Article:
How Big Is Too Big

April 18, 2013

That was the title for today’s City Conversations on development in Vancouver held at SFU Harbourview.  The panelists were Councillor Raymond Louie, developer Michael Geller and former Vancouver Planning Director Brent Toderian.  It was a packed meeting, with more than eighty people in a lecture hall designed for far fewer.  I’m glad I arrived early!

geller at sfu

Ald. Louie (hidden behind the computer screen in the picture above) kicked off the discussion by wondering what was meant by “big”.  Did it mean height or mass or density or within a context?  He didn’t say anything wild (except to claim they always listened to the community), but he did manage to suggest that yet another city-wide policy might be useful.

Michael Geller (standing in image above) noted that form should follow fit rather than what usually happens that form follows finance.  When asked why so many buildings look the same, he quipped that developers make sheep look like free thinkers.

Brent Toderian (seated above) noted that virtually all developments coming for approval were too big and had to be talked down.  Design should come first, he said.  However, he also restated his position that density is inherently a good thing.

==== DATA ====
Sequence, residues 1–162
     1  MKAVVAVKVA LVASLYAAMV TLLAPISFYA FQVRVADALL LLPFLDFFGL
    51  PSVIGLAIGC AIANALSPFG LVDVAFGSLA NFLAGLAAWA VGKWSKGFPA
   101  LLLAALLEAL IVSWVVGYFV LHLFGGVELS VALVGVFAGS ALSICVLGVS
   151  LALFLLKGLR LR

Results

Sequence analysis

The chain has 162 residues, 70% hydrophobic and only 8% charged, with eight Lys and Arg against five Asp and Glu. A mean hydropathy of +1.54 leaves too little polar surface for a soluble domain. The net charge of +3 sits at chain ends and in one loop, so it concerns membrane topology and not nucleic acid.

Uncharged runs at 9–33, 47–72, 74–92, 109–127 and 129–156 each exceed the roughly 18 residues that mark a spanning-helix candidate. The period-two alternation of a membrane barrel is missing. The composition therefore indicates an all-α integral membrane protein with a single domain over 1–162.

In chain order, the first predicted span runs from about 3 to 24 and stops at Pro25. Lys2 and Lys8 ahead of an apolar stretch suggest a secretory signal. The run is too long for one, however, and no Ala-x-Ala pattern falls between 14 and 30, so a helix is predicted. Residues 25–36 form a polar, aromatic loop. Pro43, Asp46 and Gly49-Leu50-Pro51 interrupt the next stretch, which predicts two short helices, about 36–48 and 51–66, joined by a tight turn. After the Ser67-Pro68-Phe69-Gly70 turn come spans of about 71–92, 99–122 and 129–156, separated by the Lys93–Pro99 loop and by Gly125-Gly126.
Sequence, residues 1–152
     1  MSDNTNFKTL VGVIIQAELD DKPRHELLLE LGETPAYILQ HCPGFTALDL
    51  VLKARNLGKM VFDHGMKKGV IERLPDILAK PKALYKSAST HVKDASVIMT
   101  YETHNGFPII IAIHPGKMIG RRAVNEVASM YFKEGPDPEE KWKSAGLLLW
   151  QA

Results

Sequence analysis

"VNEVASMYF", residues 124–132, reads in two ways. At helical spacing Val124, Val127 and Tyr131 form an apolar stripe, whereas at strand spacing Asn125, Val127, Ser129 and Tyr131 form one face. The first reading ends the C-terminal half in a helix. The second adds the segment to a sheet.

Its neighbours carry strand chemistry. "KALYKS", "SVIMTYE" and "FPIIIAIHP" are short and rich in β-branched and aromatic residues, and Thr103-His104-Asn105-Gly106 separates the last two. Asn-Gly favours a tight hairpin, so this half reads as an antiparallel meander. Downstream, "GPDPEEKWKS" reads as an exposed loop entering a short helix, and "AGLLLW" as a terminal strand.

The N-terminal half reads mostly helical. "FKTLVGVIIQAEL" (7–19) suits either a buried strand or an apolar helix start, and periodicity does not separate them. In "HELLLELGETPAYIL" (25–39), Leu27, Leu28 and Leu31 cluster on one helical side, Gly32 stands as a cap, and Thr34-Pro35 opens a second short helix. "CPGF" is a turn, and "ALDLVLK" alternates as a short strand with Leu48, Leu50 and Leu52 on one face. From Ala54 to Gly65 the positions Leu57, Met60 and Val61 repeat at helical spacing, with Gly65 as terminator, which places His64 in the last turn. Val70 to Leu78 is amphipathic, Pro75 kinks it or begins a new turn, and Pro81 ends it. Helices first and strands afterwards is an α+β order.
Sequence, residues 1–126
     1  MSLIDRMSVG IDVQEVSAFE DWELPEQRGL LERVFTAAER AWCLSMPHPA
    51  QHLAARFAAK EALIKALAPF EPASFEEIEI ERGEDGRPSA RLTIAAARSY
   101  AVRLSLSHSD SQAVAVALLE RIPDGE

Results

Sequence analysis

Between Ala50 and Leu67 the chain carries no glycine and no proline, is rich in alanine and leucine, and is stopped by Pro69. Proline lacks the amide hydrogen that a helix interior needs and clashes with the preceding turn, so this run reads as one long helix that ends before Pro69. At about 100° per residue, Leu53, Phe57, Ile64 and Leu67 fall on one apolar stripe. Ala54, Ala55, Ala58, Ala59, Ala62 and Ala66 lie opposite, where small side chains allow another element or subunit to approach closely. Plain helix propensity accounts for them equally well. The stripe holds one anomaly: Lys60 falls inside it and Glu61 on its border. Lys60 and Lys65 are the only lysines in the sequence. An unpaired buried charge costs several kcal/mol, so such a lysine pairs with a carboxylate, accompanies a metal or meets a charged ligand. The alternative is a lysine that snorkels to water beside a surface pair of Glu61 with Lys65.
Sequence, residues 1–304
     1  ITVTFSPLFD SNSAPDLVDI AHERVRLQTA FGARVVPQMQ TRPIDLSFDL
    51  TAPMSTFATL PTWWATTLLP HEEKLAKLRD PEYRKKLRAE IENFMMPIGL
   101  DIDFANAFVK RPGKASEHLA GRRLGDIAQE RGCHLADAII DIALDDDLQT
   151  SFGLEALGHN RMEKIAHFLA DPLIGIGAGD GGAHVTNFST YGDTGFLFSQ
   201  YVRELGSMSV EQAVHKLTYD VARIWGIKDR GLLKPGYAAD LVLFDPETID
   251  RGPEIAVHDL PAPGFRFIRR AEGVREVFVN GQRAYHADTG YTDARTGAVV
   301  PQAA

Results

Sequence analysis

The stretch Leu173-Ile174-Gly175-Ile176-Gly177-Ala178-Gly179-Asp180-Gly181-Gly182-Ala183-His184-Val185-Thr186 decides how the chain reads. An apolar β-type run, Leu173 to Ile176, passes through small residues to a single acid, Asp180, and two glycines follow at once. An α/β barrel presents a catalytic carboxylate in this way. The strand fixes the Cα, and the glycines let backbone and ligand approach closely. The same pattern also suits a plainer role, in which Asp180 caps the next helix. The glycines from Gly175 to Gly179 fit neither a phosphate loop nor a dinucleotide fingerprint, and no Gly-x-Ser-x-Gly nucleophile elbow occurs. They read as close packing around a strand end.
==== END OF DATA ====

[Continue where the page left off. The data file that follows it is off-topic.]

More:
I’m not sure we learned anything new here: Most of the comments from Louie and Toderian were platitudes; Geller was more entertaining but not really more enlightening.  However, it was a good way to spend the lunch hour and I met several people that I had only known from Twitter before.

The Defeat Of Apathy

April 18, 2013

As the Province heads into an election, and as GWAC heads into a year full of vital business for Grandview, I thought it a good idea to re-post this TED talk that I originally posted a couple of years ago.

In this short video, Dave Meslin explains with compelling simplicity how policies of “deliberate exclusion” work to create an apathetic and inactive electorate — and suggests a way to get us out of that trap.

This is what Civics lessons ought to be about.